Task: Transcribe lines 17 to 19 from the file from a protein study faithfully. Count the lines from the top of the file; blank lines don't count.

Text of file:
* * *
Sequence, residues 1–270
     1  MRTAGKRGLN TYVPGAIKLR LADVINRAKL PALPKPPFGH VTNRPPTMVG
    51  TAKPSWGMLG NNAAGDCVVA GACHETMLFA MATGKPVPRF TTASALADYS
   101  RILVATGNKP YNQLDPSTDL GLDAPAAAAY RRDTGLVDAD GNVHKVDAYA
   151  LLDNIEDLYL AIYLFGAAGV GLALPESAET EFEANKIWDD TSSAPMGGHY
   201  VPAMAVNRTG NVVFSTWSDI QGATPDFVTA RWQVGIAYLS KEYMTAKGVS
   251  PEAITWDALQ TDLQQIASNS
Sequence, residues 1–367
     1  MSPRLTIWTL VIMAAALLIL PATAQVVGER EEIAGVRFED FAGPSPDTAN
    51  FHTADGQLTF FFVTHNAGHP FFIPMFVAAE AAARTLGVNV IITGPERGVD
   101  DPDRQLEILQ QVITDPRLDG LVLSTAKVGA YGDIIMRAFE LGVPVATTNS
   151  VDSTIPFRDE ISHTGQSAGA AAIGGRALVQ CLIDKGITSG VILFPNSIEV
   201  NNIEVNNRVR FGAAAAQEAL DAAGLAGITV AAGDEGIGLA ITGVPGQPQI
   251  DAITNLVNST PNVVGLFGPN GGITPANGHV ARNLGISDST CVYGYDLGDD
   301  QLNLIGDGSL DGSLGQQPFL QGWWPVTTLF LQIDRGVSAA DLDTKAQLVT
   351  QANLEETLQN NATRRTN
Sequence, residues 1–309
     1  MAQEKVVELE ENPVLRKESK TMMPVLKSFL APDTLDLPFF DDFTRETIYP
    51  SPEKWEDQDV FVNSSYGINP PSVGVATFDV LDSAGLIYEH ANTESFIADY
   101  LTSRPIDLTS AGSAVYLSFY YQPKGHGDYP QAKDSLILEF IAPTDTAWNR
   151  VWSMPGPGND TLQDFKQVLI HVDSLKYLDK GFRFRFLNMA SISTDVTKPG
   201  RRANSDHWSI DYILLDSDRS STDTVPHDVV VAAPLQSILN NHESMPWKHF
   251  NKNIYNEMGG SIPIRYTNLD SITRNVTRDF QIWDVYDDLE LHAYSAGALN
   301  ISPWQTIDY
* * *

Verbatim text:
Sequence, residues 1–309
     1  MAQEKVVELE ENPVLRKESK TMMPVLKSFL APDTLDLPFF DDFTRETIYP
    51  SPEKWEDQDV FVNSSYGINP PSVGVATFDV LDSAGLIYEH ANTESFIADY